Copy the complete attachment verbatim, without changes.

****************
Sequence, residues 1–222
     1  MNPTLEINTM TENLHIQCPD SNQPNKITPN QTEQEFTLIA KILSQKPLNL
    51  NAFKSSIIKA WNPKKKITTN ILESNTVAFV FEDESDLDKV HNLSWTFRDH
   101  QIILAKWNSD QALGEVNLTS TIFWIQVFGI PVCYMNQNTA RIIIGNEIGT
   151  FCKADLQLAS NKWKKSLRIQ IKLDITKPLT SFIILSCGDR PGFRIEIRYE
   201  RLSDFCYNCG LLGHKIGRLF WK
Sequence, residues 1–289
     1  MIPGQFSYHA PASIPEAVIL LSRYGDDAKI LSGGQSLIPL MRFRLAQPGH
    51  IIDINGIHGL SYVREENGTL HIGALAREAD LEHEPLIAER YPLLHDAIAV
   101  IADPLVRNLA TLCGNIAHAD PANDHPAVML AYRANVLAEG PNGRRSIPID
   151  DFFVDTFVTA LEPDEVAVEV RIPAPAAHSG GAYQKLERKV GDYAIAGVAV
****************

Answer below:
Sequence, residues 1–222
     1  MNPTLEINTM TENLHIQCPD SNQPNKITPN QTEQEFTLIA KILSQKPLNL
    51  NAFKSSIIKA WNPKKKITTN ILESNTVAFV FEDESDLDKV HNLSWTFRDH
   101  QIILAKWNSD QALGEVNLTS TIFWIQVFGI PVCYMNQNTA RIIIGNEIGT
   151  FCKADLQLAS NKWKKSLRIQ IKLDITKPLT SFIILSCGDR PGFRIEIRYE
   201  RLSDFCYNCG LLGHKIGRLF WK
Sequence, residues 1–289
     1  MIPGQFSYHA PASIPEAVIL LSRYGDDAKI LSGGQSLIPL MRFRLAQPGH
    51  IIDINGIHGL SYVREENGTL HIGALAREAD LEHEPLIAER YPLLHDAIAV
   101  IADPLVRNLA TLCGNIAHAD PANDHPAVML AYRANVLAEG PNGRRSIPID
   151  DFFVDTFVTA LEPDEVAVEV RIPAPAAHSG GAYQKLERKV GDYAIAGVAV